US8943078B2 - Methods and systems for simplifying object mapping - Google Patents

Methods and systems for simplifying object mapping Download PDF

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US8943078B2
US8943078B2 US13830667 US201313830667A US8943078B2 US 8943078 B2 US8943078 B2 US 8943078B2 US 13830667 US13830667 US 13830667 US 201313830667 A US201313830667 A US 201313830667A US 8943078 B2 US8943078 B2 US 8943078B2
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step
process
dialogue
system
model
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Glenn William Osborne
George Ibrahim Mashini
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CATAVOLT Inc
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CATAVOLT Inc
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    • GPHYSICS
    • G06COMPUTING; CALCULATING; COUNTING
    • G06FELECTRIC DIGITAL DATA PROCESSING
    • G06F17/00Digital computing or data processing equipment or methods, specially adapted for specific functions
    • G06F17/30Information retrieval; Database structures therefor ; File system structures therefor
    • G06F17/30283Information retrieval; Database structures therefor ; File system structures therefor using distributed data base systems, e.g. networks
    • GPHYSICS
    • G06COMPUTING; CALCULATING; COUNTING
    • G06FELECTRIC DIGITAL DATA PROCESSING
    • G06F17/00Digital computing or data processing equipment or methods, specially adapted for specific functions
    • G06F17/30Information retrieval; Database structures therefor ; File system structures therefor
    • G06F17/30286Information retrieval; Database structures therefor ; File system structures therefor in structured data stores
    • G06F17/30557Details of integrating or interfacing systems involving at least one database management system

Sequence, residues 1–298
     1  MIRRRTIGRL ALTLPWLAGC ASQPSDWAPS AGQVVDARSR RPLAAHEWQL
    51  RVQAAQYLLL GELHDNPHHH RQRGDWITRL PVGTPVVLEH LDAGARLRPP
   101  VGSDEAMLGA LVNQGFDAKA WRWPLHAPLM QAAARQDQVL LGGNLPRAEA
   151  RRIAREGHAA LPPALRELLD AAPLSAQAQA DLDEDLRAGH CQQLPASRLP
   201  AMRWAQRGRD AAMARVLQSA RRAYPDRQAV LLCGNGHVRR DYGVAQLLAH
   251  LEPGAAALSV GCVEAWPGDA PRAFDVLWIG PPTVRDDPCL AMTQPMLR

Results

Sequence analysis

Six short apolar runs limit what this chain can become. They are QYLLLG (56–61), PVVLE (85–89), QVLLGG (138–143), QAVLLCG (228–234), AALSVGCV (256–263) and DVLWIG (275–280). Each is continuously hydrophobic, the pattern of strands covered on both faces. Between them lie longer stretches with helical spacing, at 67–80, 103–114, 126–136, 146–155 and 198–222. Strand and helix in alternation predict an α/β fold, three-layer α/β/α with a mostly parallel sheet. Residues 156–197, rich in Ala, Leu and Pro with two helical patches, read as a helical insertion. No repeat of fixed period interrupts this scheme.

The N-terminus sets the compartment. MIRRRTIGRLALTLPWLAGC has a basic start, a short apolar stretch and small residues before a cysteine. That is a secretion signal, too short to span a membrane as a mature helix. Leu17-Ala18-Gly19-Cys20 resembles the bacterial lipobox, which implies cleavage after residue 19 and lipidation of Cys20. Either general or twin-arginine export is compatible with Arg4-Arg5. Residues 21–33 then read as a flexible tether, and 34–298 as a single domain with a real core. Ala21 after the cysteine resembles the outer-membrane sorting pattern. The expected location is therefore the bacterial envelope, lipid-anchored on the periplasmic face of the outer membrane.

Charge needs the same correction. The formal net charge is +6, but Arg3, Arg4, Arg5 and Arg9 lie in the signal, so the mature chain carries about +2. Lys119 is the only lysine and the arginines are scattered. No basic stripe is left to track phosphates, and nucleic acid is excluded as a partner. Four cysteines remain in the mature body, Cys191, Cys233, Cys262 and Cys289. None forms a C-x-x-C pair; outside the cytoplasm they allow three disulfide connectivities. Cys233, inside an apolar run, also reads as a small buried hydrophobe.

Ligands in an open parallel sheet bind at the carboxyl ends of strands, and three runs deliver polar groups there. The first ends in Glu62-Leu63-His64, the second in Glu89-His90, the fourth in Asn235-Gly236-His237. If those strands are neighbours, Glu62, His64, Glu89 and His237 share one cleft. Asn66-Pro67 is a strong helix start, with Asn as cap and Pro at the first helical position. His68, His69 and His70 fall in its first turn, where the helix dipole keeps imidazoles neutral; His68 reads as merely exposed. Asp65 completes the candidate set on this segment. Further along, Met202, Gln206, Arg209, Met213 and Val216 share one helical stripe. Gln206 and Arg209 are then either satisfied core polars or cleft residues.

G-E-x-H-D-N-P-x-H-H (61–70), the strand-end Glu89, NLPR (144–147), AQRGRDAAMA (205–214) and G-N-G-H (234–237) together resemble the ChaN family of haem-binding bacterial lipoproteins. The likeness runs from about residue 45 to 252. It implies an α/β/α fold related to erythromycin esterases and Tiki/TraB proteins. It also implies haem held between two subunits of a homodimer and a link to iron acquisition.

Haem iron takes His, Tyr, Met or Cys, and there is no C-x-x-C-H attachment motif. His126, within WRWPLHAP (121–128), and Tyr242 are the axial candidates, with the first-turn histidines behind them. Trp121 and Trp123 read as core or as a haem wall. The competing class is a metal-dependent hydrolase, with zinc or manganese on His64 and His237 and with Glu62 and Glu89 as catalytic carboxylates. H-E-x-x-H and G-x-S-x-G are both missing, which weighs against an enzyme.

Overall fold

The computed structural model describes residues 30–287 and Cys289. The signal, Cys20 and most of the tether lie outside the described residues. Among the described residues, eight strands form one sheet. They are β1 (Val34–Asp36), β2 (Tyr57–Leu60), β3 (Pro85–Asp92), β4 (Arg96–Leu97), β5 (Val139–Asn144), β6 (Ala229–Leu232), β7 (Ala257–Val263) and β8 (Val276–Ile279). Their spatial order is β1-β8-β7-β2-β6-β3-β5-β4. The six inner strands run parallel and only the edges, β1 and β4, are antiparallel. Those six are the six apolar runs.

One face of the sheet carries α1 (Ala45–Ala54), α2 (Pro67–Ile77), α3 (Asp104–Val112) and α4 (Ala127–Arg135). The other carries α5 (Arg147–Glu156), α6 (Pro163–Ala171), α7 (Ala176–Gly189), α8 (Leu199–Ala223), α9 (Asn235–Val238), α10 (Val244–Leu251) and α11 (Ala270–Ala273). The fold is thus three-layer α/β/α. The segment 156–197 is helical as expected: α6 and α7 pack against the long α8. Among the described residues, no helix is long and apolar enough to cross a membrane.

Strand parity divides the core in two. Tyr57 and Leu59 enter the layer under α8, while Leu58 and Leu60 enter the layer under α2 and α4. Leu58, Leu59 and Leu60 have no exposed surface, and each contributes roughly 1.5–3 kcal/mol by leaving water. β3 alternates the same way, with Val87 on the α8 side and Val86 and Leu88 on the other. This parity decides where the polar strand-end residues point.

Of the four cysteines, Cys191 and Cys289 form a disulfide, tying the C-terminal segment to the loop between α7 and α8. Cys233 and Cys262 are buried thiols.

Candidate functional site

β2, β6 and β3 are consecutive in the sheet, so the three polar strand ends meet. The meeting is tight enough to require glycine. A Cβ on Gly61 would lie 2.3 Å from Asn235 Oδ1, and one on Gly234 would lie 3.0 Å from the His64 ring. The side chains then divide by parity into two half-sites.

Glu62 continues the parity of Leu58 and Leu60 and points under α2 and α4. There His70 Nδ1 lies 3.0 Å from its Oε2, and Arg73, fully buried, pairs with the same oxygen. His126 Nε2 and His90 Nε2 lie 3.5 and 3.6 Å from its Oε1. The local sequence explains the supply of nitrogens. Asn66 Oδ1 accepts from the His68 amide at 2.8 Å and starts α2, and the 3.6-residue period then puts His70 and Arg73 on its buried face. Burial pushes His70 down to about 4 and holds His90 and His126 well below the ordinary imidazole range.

Abstract

Methods and systems for simplifying object mapping for a client request for action. A client request for action may be received from an external interface. The external interface may comprise a human being or a computer program. The client request may be associated to a logical object in order to minimize a representational gap between the client request and a physical object using the logical object. The query request may be responded to using object relational mapping in order to simplify the external interface by minimizing the representational gap between the external interface and the physical object using the logical object.

Description

CROSS-REFERENCE TO RELATED APPLICATIONS

This application is a continuation of U.S. patent application Ser. No. 12/829,680, filed Jul. 2, 2010, which in turn claims the benefit of U.S. Provisional Patent Application 61/222,557, filed on Jul. 2, 2009, entitled “Enterprise Application Architecture”, which are incorporated by reference herein in their entireties.

FIELD OF THE INVENTION

The present invention generally relates to computer software systems that store and retrieve data from a data source; and more particularly to a system, method and computer program products for mapping requests on a logical model to requests on a physical model in an object-oriented application.

DESCRIPTION OF BACKGROUND

There are many kinds of computer software, each with its own challenges and complexities. The invention described in this document is primarily for use in an area of software known as Enterprise Application Software. Enterprise software is characterized by the business functions that it automates—such as accounting, payroll, customer service, shipment tracking, supply chain, insurance, cost analysis, production planning, and more. Enterprise applications usually involve persistent data, lots of data, and many users accessing this data concurrently. Enterprise Application Software is organized within an architecture that represents the significant decisions about major components and how they interact. This architecture is known as an Enterprise Application Architecture.